PIYUSH GUPTA V. IBM, No. 16-15224 (9th Cir. 2018)

Annotate this Case
Download PDF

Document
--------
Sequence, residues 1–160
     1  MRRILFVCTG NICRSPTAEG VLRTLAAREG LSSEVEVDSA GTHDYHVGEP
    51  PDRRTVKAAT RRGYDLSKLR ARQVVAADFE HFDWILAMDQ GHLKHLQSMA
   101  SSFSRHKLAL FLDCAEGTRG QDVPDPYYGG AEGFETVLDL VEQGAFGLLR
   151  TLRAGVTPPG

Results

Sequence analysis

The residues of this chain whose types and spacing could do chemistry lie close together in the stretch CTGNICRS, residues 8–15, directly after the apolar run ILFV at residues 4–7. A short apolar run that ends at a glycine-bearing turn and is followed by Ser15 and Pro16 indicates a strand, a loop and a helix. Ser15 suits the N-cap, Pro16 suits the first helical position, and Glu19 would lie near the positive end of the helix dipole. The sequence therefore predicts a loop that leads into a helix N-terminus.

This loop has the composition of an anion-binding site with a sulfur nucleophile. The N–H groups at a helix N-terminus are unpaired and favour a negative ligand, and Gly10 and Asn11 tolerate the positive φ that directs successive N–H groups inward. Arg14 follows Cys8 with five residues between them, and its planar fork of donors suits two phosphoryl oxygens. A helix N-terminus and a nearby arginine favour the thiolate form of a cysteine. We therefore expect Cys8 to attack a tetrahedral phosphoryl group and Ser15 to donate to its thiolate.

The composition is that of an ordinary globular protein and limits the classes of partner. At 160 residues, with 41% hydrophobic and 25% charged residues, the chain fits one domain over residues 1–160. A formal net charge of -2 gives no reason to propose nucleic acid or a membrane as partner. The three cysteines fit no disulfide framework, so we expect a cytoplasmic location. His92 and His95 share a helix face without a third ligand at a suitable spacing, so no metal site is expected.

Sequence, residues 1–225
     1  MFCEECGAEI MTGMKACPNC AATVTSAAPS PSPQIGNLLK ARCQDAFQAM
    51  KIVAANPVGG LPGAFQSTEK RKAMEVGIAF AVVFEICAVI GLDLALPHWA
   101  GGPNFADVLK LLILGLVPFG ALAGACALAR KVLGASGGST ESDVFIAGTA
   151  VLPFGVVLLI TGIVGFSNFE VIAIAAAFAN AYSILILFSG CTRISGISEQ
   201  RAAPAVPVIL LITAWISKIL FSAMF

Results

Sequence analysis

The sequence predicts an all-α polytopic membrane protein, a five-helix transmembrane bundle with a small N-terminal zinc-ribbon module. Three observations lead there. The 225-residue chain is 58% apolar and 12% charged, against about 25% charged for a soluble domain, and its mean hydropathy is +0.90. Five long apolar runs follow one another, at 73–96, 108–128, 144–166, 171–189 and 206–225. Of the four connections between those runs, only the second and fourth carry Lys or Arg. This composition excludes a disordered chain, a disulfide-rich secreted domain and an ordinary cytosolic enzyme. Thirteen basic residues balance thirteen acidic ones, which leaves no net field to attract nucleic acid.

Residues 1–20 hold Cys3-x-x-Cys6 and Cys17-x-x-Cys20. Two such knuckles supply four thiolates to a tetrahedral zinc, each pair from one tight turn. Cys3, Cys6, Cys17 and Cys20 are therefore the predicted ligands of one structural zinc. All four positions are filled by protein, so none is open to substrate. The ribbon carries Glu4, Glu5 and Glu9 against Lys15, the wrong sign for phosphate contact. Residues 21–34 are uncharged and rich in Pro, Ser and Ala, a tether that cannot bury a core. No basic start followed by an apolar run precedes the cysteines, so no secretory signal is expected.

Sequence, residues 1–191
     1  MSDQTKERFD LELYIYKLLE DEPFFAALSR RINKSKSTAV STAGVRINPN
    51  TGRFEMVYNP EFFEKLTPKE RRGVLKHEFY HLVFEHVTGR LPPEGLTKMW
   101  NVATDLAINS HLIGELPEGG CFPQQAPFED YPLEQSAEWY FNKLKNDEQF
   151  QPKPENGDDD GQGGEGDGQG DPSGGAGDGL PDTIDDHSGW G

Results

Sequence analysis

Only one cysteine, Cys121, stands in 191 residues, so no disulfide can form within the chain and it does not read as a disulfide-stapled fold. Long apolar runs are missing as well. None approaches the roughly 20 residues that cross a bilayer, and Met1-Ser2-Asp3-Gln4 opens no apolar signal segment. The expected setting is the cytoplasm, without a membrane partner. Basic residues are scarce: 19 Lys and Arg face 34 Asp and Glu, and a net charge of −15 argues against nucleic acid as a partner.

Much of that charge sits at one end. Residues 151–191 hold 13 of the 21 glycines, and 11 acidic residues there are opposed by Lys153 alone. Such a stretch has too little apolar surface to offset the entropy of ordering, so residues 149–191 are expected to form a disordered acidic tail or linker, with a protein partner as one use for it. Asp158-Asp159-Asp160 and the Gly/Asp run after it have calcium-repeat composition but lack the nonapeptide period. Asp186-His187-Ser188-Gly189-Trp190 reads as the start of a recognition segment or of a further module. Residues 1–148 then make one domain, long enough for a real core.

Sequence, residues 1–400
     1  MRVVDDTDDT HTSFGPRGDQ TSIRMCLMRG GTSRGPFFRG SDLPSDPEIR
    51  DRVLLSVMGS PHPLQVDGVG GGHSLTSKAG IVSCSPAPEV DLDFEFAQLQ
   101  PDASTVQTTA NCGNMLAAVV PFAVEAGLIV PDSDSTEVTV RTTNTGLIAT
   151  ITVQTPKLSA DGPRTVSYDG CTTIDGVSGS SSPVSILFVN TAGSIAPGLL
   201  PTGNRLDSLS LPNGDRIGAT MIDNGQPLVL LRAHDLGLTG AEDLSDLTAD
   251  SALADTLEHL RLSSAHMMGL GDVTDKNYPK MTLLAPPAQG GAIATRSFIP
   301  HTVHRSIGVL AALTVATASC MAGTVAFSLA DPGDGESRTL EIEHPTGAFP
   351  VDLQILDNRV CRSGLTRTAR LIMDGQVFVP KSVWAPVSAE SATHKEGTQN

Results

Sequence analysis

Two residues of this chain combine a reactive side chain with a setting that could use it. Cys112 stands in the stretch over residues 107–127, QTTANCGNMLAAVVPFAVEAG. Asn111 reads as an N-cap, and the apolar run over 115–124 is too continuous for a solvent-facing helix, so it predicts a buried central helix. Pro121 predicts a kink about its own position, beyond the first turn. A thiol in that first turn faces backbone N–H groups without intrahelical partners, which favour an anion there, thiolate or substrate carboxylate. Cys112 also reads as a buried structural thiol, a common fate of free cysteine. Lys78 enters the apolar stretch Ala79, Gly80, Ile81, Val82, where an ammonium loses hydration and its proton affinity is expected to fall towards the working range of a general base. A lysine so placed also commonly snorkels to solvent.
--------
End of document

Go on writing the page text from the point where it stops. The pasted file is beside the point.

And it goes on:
NOT FOR PUBLICATION UNITED STATES COURT OF APPEALS FILED JUL 13 2018 MOLLY C. DWYER, CLERK FOR THE NINTH CIRCUIT PIYUSH GUPTA, No. Plaintiff-Appellant, U.S. COURT OF APPEALS 16-15224 D.C. No. 5:14-cv-01358-EJD v. MEMORANDUM* INTERNATIONAL BUSINESS MACHINES CORPORATION, Defendant-Appellee. Appeal from the United States District Court for the Northern District of California Edward J. Davila, District Judge, Presiding Submitted July 9, 2018** San Francisco, California Before: GRABER and TALLMAN, Circuit Judges, and LEMELLE,*** District Judge. * This disposition is not appropriate for publication and is not precedent except as provided by Ninth Circuit Rule 36-3. ** The panel unanimously concludes this case is suitable for decision without oral argument. See Fed. R. App. P. 34(a)(2). *** The Honorable Ivan L.R. Lemelle, United States District Judge for the Eastern District of Louisiana, sitting by designation. Plaintiff Piyush Gupta appeals from an adverse partial summary judgment and a defense verdict in his wrongful termination lawsuit against International Business Machines Corporation (IBM). We have jurisdiction under 28 U.S.C. § 1291, and we affirm. 1. The district court properly dismissed Gupta’s disability discrimination claim under the California Fair Employment and Housing Act (FEHA), Cal. Gov’t. Code § 12900 et seq., on the grounds that Gupta provided no evidence that he was terminated “because of his disability.” See Nealy v. City of Santa Monica, 234 Cal. App. 4th 359, 378 (2015). Gupta argues that the temporal proximity between the onset of his disability and his termination is sufficient to establish a prima facie case of discrimination. Gupta provides no supporting evidence to suggest discrimination beyond the temporal connection between his disability and termination. See Arteaga v. Brink’s Inc., 163 Cal. App. 4th 327, 341 (2008). In fact, Gupta in his deposition conceded: “I do not have any facts [that cause me to believe IBM terminated me because I had this back condition].” The record demonstrates IBM’s efforts to accommodate his disability. For example, Gupta received and subsequently declined short-term disability leave, was approved to fly business class, was in the process of receiving ergonomic furniture, and never felt any animus because of his disability. Each of these facts undermines his assertion that his disability was the 2 reason for his firing; rather, the evidence shows Gupta was laid off because he had suggested it. In the circumstances, Gupta failed to offer sufficient temporal connection or other circumstantial evidence to establish that his disability caused his termination. No reasonable finder of fact could conclude otherwise. Therefore, the district court’s grant of summary judgment was proper. 2. The district court applied the proper standard regarding pretext after finding that IBM had articulated a business-related, non-discriminatory reason for terminating Gupta’s employment. See Noyes v. Kelly Servs., 488 F.3d 1163, 1169–70 (9th Cir. 2007). The district court correctly stated that Gupta “must demonstrate such weaknesses, implausibilities, inconsistencies, incoherencies, or contradictions in [IBM’s] proffered legitimate reasons for its action that a reasonable factfinder could rationally find them unworthy of credence and hence infer that the employer did not act for the non-discriminatory reasons.” The district court explained that providing new discriminatory evidence is one way to demonstrate that the employer’s reasons for termination were pretextual. Gupta’s evidence of temporal proximity, “even if it may technically constitute a prima facie case, is too weak to raise a rational inference that discrimination occurred” and to satisfy his burden to show pretext. Guz v. Bechtel Nat’l, Inc., 24 Cal. 4th 317, 362 (2000). Therefore, the district court’s grant of summary judgment was proper. 3 3. As discussed above, the district court properly ruled that Gupta failed to state a claim under FEHA. Therefore, his claim for wrongful termination in violation of public policy also fails.1 Dep’t of Fair Emp’t and Hous. v. Lucent Techs., Inc., 642 F.3d 728, 748–49 (9th Cir. 2011). 4. Contrary to Gupta’s claims, nothing in the district court’s order suggests improper credibility determinations or weighing of conflicting evidence. The district court focused on the material facts, including that Gupta volunteered for termination, and properly ignored his irrelevant explanation for the offer. See Anderson v. Liberty Lobby, Inc., 477 U.S. 242, 247–48 (1986). Gupta’s reasoning for volunteering to be laid off does not undermine IBM’s explanation that they chose to “take him up on his suggestion.” The district court correctly applied the summary judgment standard. 5. The district court also correctly applied California law in dismissing Gupta’s fraud claim. To constitute a misrepresentation, whether by representation or concealment, the statement must be false. Lazar v. Superior Court, 12 Cal. 4th 631, 638 (1996). The district court found that the Instant Message conversation between Gupta and Mitchak did not involve any “misstatement[s] of fact” or “misrepresentation [of] a past or existing material fact.” 1 Gupta also concedes that his “claim for wrongful termination arises from IBM’s violation of his statutory rights under the FEHA.” 4 Even if Gupta could demonstrate that Mitchak made a misrepresentation by concealment or affirmative statement, he fails to allege any facts to support the other elements of fraud. See id. Gupta provides no evidence regarding Mitchak’s knowledge that his statements were false or his intent to defraud, both elements under California law. Id. Therefore, summary judgment was warranted dismissing Gupta’s fraud claim. 6. The district court did not abuse its discretion in denying Motion in Limine No. 3. Gupta was required to “identify a reasonable accommodation . . . through the litigation process, including discovery.” Scotch v. Art Inst. Of Cal.Orange Cty., Inc., 173 Cal. App. 4th 986, 995 (2009). Gupta failed to state in his interrogatories that denial of short-term disability was a fact he sought to support his reasonable accommodation claim. AFFIRMED. 5